First thing’s first: stop calling Daniel Lee’s Bottega Veneta the ‘new Céline’. Should we really replace Phoebe Philo? Phoebe has her irreplaceable style, which is the ideal balance between femininity, minimalism and artistic quirk. Those who have her clothes, lucky you, cherish and wear them. Let’s all hope she will come back to fashion soon – that’s it. On Lee’s note, yes, he ‘grew up’ creatively in her design studio, but I’m sure he must be already tired with all that loud comparing and the Philophiles-generated pressure of being a Céline replacement. Now it’s his Bottega Veneta, and as his debut runway collection proved, this guy has a mind of his own. I’m saying this right away: his collection didn’t completely ‘wow’ me, at some points it was over-complicated. But that’s fine, because every debut has its ups and downs. The designer focused on leather, because Bottega Veneta has always been a leather brand. While the motocross look felt, simply speaking, like too much leather, accessories were the most compelling part of the collection (the shoes in signature Intrecciato weave are so, so good, just like all the heavy boots, geometrical handbags and fringed clutches, of course in leather). A future Bottega Veneta customer should definitely invest in one of those new classics. A sharp injection of modernity was as well brought to clothes. A square neck dress that opened the collection was sensual, but strong, just like the asymmetric knits (they looked extra on guys) and quilted skirts. But then, some of the coats’ shoulders were a bit too bold and kind of conflicted with all this tender, close-to-body feeling. Good things are coming to Bottega Veneta, let’s just all hope the designer will get the time he needs to fully establish his new language for the brand. And don’t mistake him with Philo.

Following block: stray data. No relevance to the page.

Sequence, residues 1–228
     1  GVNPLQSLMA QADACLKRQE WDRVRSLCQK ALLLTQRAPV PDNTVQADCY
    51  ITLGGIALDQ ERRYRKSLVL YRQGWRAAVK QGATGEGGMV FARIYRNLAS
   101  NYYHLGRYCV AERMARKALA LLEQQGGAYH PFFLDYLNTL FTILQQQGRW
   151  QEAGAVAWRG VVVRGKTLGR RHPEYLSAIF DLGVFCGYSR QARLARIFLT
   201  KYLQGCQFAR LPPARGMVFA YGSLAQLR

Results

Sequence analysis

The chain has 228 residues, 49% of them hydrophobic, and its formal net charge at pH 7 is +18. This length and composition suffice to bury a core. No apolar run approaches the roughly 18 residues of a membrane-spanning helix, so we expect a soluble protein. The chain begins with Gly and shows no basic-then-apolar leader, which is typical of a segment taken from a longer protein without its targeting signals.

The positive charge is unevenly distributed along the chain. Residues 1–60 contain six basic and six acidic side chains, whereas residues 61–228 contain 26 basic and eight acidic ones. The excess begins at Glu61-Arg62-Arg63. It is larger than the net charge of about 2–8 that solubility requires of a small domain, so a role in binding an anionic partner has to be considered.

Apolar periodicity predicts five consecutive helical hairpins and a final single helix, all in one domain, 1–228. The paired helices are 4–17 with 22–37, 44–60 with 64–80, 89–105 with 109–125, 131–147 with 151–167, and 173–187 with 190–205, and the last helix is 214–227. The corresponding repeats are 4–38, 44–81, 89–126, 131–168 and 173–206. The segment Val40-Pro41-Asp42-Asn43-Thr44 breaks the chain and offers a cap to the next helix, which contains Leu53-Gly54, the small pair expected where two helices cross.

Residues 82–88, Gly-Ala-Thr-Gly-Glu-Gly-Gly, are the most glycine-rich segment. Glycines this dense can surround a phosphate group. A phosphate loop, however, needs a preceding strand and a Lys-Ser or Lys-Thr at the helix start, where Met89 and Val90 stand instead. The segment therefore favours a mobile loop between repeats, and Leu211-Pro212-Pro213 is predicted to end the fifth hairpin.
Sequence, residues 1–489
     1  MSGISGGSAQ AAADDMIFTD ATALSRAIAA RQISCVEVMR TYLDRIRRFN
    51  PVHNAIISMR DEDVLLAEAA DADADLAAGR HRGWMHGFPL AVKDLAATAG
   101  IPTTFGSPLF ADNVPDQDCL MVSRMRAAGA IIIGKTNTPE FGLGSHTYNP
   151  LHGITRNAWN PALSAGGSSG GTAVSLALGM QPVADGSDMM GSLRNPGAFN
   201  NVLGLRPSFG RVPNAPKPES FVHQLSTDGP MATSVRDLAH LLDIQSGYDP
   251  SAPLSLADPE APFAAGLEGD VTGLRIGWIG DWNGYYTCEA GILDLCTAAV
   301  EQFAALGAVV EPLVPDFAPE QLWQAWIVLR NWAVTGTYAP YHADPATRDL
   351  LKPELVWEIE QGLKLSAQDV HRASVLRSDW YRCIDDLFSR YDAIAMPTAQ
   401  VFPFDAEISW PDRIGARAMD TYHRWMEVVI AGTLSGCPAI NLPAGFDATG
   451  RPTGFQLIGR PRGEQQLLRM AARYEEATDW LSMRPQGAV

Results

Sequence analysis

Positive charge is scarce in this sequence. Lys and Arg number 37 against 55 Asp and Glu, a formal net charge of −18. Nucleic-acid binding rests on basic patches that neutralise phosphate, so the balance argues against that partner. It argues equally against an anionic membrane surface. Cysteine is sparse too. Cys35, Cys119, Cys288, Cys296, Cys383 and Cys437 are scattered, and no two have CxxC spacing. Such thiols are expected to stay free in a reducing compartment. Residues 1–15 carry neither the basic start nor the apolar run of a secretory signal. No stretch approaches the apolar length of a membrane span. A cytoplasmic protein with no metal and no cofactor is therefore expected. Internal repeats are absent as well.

Collage by Edward Kanarecki.